Median tenure declines among older men, 1983-2000
September 01, 2000
Between 1983 and 2000, median years of job tenure among men age 55 to 64 dropped by about a third.
In January 1983, the median number of years that male wage and salary workers age 55 to 64 had been with their current employer was 15.3 years. As of February 2000, this figure had declined to 10.2 years.
Tenure also fell for men in most other age groups from 1983 to 2000, but not as much as for those 55 to 64 years old. For example, median years of tenure for men age 45 to 54 decreased from 12.8 years in 1983 to 9.5 in 2000.
These data are from a supplement to the Current Population Survey. The questions on tenure measure how long workers had been with their current employer at the time they were surveyed, not how long they will eventually stay with their employer. See Employee Tenure in 2000, news release USDL 00-245 for more information.
Bureau of Labor Statistics, U.S. Department of Labor, The Economics Daily, Median tenure declines among older men, 1983-2000 on the Internet at https://www.bls.gov/opub/ted/2000/aug/wk4/art05.htm (visited January 20, 2017).
Recent editions of Spotlight on Statistics
Workplace injuries and illnesses and employer costs for workers’ compensation
Workplace injury and illness data and the costs to employers for workers’ compensation in natural resources, construction, and maintenance occupations.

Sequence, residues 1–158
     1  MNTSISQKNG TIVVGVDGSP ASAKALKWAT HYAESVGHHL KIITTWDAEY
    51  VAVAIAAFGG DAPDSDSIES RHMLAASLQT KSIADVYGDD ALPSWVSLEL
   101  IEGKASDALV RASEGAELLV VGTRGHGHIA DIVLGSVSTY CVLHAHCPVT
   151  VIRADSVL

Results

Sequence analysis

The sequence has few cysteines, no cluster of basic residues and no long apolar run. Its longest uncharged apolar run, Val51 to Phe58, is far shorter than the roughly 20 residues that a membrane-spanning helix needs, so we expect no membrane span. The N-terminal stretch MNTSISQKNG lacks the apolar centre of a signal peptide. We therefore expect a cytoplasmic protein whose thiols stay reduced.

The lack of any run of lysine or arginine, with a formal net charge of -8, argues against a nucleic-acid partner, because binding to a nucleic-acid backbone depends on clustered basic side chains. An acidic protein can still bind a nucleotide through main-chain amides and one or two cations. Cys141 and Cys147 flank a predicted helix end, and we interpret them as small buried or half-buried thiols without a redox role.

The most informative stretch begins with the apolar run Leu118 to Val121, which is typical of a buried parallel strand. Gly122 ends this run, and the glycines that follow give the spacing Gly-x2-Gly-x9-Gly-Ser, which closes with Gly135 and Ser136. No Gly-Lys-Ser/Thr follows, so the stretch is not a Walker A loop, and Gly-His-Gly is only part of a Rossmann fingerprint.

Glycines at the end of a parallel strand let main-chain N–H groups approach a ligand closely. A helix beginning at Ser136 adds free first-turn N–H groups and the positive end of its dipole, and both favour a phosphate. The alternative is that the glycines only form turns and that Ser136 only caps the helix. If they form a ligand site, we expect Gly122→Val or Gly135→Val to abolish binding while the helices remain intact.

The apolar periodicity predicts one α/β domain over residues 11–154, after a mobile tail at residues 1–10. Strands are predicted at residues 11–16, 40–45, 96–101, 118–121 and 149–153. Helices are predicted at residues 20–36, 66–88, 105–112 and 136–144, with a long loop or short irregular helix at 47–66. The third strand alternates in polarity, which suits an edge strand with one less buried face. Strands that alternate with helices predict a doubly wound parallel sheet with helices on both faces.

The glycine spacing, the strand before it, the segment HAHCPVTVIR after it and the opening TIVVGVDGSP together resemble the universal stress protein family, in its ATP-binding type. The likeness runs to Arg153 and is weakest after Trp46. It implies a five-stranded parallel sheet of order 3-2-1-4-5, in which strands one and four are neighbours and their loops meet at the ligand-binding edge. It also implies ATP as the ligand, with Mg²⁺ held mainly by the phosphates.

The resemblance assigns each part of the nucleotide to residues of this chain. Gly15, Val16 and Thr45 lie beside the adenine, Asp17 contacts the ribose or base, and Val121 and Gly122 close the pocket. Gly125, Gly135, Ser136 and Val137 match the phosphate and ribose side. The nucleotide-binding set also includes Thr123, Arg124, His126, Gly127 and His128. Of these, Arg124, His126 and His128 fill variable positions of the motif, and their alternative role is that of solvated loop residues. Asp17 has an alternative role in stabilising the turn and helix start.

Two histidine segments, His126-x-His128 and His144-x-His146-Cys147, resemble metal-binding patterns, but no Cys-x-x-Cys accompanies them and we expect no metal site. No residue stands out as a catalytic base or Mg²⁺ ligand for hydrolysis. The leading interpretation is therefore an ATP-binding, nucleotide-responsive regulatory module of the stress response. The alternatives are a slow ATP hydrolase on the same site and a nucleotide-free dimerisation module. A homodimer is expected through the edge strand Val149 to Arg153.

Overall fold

A look at the future of the U.S. labor force to 2060
Projected long-term trends in the growth, size, and composition of the labor force.
Union membership in the United States
Historical trends in union membership among employed wage and salary workers; union membership by a variety of demographic characteristics.
A look at healthcare spending, employment, pay, benefits, and prices
Spending on healthcare, current and projected employment in the industry, employer-provided healthcare benefits, healthcare prices, and pay for workers in healthcare occupations.
Self-employment in the United States
Trends in self-employment by various demographic and socioeconomic characteristics, including both the unincorporated and the incorporated self-employed, as well as data on paid employees who work for the self-employed.